I get a horrible feeling looking back at history, at some of the attempts to create the one perfect system. Some of them have failed. Fortunately, there have been other systems which have in the end worked better and been supported better by people who cared, and they have ended up suppressing the ones that were damaging.

A homogeneous system is clearly very dangerous. We need people with diverse ways of looking at the world, different sub-cultures in the world so we don't want that homogeneity.

But at the same time, the other fear that people express to me is now we have the Internet surely we'll get these cults? They don't even have to be in the same place. People can just be in the same mental space because you can filter your email. You can only visit websites that you've been pointed to from that email, which is from people who are a little bit crazy like you, and those websites will point to each other and very soon you'll end up in this cultural pothole, which is very, very deep and very, very slippery. When you stagger out of your basement into the sunlight because you have to get some more coke and pizza, you bump into a real person another person who's not in your same cultural pothole and the only common language you have is violence. This is an abstract problem and was without a specific example until two weeks ago.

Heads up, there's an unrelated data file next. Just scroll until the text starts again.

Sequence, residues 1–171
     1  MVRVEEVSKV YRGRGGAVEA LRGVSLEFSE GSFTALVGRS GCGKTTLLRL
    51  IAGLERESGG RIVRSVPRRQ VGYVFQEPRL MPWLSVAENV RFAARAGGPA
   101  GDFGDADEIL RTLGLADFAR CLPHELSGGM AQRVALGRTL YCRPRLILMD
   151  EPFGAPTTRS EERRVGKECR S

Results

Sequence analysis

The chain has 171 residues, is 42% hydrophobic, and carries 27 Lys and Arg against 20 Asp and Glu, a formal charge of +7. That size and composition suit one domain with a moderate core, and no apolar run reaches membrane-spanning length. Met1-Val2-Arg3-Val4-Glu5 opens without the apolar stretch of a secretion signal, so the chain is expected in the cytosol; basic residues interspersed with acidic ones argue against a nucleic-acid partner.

So, it is important as well that while we have diversity, there is a balance and it seems that it's not only society which clearly needs a balance. In its way, a lot of nature does. Does anybody remember fractals? Anyone know what a fractal is - a pattern - like the coastline? As you get closer, you fly above the coast and it has a certain interesting structure. Then you fly down to a tenth of the altitude and it still has an interesting structure. You get closer and closer until you're looking at the way the seaweed curls around a few of the pebbles and it still has an interesting structure. It has structure in all levels. I have a gut feeling that society needs to be like that.